The Sweeter Side

As I promised last time, this Blog focuses on the afternoon session of my ‘Sherry, Port and Madeira’ day course at Stoke Lodge in Bristol where we talked about and tasted some delightful Madeiras and Ports. Both these wines are made by stopping the fermentation process before all the sugar in the grapes has been turned into alcohol so, even bottles labelled ‘dry’ have really quite a bit of sweetness about them.

Sercial is one of 4 ‘noble’ grapes grown on Madeira and is the variety responsible for the driest wines. The example from Henriques and Henriques (Waitrose Cellar, £20) had all the lovely tanginess you’d expect and would make an ideal aperitif. It, like most Madeiras, is a blend of wines from different years so the ’10 Years Old’ reference on the label is an average age of the wines, not a particular vintage.

Madeiras

Bual, Verdelho and Malmsey (or Malvasia) are the other 3 noble varieties in ascending order of sweetness and it was the latter that gave us our 2nd tasting. Blandy’s Malmsey (£19, also Waitrose Cellar) has all the richness and character to go perfectly with a chocolate dessert or, perhaps, for this time of year, Christmas Pudding.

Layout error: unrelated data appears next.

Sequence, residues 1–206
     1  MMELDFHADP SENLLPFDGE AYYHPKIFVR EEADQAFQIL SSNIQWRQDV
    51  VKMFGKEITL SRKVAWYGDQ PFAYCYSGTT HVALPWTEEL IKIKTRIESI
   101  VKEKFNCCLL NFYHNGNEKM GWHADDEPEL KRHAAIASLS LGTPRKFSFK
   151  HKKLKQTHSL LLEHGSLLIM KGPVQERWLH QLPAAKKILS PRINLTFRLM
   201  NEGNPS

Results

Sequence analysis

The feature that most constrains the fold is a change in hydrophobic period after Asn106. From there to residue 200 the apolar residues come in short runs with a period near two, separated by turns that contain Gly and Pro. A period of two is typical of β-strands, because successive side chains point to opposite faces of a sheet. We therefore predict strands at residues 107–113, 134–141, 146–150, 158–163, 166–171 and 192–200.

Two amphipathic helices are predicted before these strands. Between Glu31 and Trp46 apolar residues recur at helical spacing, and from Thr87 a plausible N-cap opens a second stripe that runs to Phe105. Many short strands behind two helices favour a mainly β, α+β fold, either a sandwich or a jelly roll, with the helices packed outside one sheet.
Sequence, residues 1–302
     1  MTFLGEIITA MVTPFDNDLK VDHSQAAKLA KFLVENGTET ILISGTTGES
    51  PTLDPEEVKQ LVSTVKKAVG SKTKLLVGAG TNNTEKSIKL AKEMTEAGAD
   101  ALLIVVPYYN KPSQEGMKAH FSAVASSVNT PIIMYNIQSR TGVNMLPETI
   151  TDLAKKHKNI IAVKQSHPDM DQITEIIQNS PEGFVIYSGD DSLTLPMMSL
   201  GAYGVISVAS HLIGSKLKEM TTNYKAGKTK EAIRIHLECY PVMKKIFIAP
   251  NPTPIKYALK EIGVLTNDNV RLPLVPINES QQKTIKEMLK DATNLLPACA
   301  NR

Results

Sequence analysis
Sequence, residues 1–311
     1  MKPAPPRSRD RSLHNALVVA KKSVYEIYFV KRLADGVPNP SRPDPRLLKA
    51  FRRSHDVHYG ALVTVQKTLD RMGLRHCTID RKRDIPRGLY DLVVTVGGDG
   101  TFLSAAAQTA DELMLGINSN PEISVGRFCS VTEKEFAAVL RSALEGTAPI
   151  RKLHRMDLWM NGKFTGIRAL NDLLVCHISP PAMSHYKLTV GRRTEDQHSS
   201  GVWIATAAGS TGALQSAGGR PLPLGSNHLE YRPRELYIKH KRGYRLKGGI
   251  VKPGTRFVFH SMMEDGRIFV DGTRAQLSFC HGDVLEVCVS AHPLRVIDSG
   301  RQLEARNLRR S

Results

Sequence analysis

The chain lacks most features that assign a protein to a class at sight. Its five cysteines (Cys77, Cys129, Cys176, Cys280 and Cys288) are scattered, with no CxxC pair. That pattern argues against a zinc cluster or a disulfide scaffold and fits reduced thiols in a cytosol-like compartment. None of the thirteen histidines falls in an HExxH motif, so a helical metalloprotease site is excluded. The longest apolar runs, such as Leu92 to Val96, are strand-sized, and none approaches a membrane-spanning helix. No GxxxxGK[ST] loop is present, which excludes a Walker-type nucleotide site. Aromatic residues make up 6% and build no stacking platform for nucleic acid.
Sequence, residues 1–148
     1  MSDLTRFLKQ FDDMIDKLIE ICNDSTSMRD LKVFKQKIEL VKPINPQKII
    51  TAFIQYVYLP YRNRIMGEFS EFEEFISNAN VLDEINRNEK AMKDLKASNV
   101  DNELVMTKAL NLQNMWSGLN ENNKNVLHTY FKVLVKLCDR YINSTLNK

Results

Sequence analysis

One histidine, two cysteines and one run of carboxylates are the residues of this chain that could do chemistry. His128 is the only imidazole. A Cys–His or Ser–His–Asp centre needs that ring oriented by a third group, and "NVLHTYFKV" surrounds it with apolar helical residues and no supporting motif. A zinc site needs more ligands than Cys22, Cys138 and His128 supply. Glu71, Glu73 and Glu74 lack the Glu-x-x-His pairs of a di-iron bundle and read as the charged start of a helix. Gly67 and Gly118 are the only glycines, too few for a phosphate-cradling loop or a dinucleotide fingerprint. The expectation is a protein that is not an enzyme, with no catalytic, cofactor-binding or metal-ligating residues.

Port 1

Moving on to the ports, we began with Niepoort’s Dry White (£15, Wine Society) – crisp, fresh and drier than some so another good choice as aperitif, although, in Portugal, the locals would probably prefer to precede their meal with a 10 Year Old Tawny, lightly chilled, instead. Tawnies are aged mainly in barrels so lose much of their deep red colouring; the Wine Society’s Exhibition 10 Year Old (£17) is one of my – and my wife’s – favourites: mellow, fruity and with great length.

Port 2

Ruby ports, by comparison, are a much deeper colour as they are bottled relatively earlier than tawnies. So, ignore the slightly misleading name and enjoy Taylor’s Late Bottled Vintage (Waitrose, £12.59) – with its lovely sweet fruit it’s a really satisfying mouthful.

Port 3

But the pinnacle of ports is the Vintage and Warre’s Quinta da Cavadinha 2004 (Waitrose, £34) lived up to expectations. With a mellowness from 15 years ageing but still with lots of red fruit, this Single Quinta port (from one estate) was a fitting finale to a most enjoyable day.